Punk Globe:
Why haven’t you covered Cheap Trick? Their album “Next Position Please” is legendary power-pop!
Jeff McDonald:
Only at band practice. You can compete with Robin Zander's voice.
Punk Globe:
Who exactly are your inspirations?
Jeff McDonald:
I'm inspired by everything. I could write pages on the subject. I can only list a few examples :Beatles, Rolling Stones, John Waters, Russ Meyer and Bob Dylan to name a very reduced basic few.
Punk Globe:
Who are your favorite bands?
Jeff McDonald:
I love Ty Segall, 2ne1, Peaches and the Reigning Sound just to name a tiny few.
Punk Globe:
You in a sense have a punk upbringing but not necessarily a punk sound; would you say that’s correct?
Jeff McDonald:
Yes. It was the early California version of punk that really motivated us to realize that we could do it too. Groups like the Mutants, Avengers, Go-Go's, Screamers, Black Flag and the Germs.
Punk Globe:
You’re albums do cover different forms of power- pop, what album do you find the best representation of you?
Jeff McDonald:
They all do on many levels. We've only made the record that represents where we were at that moment. That is our formula. We've never tried to fit in or stay out for that matter. We've never once tried to be somebody else. Our new album 'Researching The Blues' was made with that exact same mind set.
Punk Globe:
What were you trying to represent?
Jeff McDonald:
Our brand of everything we love at any given moment.
Punk Globe:
Are you trying to still represent that?
Jeff McDonald:
Yes, very much so. I think it's important for Rock n Roll lifers to always contribute if you still have it in you. Rock is the great American contribution to world culture and it's a simple formula that few do well so if you have another show in you or a song or two it's your duty to share it.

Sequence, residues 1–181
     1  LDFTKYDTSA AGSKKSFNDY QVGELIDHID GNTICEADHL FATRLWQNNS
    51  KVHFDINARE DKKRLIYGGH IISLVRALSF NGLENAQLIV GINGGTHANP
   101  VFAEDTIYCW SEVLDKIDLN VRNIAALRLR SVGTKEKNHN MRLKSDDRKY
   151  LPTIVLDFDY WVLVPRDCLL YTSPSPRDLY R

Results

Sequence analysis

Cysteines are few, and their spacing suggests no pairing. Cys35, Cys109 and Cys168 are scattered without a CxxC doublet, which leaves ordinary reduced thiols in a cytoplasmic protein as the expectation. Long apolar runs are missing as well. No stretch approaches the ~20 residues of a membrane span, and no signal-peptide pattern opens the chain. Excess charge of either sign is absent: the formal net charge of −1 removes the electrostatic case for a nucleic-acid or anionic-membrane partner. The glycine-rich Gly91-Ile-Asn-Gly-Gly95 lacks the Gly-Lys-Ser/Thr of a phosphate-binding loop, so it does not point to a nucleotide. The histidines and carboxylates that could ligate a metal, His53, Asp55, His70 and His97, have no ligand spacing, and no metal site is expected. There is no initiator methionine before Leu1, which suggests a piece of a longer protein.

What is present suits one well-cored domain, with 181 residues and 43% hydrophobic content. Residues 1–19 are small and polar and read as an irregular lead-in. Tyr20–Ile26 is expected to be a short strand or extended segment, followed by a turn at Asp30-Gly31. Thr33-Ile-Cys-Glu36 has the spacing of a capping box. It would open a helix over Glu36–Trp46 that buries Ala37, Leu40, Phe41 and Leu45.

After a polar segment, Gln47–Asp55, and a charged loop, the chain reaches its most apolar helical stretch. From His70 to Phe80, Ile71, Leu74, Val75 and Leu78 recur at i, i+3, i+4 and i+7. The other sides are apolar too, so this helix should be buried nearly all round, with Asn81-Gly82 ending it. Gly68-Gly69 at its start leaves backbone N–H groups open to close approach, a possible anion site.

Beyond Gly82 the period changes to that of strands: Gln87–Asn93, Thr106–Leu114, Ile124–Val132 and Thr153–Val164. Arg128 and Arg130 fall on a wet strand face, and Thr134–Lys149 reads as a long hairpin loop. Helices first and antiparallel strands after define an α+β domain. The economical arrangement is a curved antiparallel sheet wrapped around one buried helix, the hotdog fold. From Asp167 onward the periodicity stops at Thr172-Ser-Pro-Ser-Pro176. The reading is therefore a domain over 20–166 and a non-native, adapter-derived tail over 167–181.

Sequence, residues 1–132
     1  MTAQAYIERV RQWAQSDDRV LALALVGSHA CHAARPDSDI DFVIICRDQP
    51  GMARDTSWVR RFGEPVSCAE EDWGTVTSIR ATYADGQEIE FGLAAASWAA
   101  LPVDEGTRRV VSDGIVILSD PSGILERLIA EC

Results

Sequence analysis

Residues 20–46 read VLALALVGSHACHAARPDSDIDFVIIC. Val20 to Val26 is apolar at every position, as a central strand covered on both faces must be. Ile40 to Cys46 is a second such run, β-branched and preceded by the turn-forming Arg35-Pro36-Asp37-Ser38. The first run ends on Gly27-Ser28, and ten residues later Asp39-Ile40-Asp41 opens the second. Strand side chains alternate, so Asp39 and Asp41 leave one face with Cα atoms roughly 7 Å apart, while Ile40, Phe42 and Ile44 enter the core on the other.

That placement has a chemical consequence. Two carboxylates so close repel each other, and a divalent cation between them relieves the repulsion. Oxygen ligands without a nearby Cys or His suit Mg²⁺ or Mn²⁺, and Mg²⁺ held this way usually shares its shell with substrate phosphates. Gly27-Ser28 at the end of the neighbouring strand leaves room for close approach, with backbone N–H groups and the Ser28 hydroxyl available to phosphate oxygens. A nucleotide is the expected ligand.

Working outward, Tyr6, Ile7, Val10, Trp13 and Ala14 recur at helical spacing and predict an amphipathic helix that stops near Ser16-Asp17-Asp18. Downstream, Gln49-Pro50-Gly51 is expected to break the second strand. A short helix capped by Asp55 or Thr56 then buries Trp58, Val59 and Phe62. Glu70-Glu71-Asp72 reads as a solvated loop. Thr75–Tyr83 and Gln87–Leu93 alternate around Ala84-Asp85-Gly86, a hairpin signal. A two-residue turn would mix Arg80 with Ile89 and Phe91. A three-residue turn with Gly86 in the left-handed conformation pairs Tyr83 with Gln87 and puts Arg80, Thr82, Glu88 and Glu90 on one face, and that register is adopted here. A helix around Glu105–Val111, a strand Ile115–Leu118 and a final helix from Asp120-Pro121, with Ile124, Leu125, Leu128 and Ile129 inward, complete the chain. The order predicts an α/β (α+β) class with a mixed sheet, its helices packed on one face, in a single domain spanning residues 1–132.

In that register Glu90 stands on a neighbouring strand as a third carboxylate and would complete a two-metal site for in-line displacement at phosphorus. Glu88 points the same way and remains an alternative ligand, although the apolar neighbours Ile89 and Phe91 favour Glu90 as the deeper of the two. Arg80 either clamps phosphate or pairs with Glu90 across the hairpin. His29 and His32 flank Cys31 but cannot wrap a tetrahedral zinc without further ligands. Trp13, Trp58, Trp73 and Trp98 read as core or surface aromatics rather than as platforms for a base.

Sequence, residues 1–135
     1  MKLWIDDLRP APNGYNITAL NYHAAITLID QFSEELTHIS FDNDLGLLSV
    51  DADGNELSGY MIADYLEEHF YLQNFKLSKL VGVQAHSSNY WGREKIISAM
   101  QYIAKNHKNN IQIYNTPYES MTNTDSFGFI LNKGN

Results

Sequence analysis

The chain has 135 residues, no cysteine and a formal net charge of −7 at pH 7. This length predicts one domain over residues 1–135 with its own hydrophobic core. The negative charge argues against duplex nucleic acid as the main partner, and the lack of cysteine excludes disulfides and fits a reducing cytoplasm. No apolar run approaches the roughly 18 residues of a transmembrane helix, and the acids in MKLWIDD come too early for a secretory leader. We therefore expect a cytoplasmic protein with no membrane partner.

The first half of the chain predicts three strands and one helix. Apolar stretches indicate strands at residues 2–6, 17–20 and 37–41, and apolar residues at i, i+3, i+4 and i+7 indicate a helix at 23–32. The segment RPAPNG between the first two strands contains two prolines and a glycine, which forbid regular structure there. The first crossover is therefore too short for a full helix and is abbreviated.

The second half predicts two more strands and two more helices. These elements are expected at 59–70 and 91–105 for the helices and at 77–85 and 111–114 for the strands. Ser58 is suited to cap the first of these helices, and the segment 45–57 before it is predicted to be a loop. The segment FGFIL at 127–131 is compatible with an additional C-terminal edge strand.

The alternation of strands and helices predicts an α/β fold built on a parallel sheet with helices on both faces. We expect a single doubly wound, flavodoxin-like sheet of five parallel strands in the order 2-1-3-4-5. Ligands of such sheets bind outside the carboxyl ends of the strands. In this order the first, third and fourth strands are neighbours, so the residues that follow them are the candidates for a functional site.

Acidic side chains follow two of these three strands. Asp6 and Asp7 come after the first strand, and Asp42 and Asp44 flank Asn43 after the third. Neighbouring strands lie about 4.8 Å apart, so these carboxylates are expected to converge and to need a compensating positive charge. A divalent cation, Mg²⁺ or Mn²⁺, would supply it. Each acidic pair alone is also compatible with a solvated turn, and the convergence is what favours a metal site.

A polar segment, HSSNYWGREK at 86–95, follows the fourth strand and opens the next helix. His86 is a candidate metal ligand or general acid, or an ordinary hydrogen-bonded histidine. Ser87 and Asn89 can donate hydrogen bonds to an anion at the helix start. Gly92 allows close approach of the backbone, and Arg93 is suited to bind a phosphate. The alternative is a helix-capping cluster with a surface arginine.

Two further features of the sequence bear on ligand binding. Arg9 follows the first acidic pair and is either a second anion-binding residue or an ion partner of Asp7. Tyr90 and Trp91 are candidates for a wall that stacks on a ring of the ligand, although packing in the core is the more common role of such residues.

Punk Globe:
Can you tell us about the other projects you’ve worked on?
Jeff McDonald:
I've been in loads of movies both dramatic as well as comedic. I've also worked with others as a producer or writer. Now I'm co writing and co producing my 17 year old daughter, Astrid's first record.
Punk Globe:
Why hasn’t “Teen Babes From Monsanto” been released on CD?
Jeff McDonald:
I've seen very expensive boots of it on Ebay. I guess it's covered but I would like to do a proper re- release. When the cassette version came out it had Saturday Night (Bay City Rollers Song) listed on it, which was a misprint. We had talked about doing it but never got around to it. I'm not sure why it was listed and it took a couple of years to even notice it was there so I know we would do it for sure if that record comes out again.
Punk Globe:
You have a gig coming up with Hoodoo Gurus, can we expect a tour to follow?
Jeff McDonald:
With the release of the new record "Researching The Blues" in August we plan on doing dates.
Punk Globe:
Why did you ditch the original title of “Black Motorcycle Madonna?”
Jeff McDonald:
I spoke too soon and when that happens we always jinx a concept. Neurotica was originally announced as a rock opera called "The Shrould of Laurie Bono Christ" on the inner sleeve of Teen Babes from Monsanto.
Punk Globe:
What can we expect?
Jeff McDonald:
Everything. I'm not being Paul Stanley by saying this, but it's our best record by far. I know nobody really trust that veteran rock acts can make exciting records late in their careers, but we did it. You'll love it. I promise.
Punk Globe:
Thanks so much for the time, Jeff. Any advice you can give the readers out there?
Jeff McDonald:
THANK YOU. If it moves you buy it.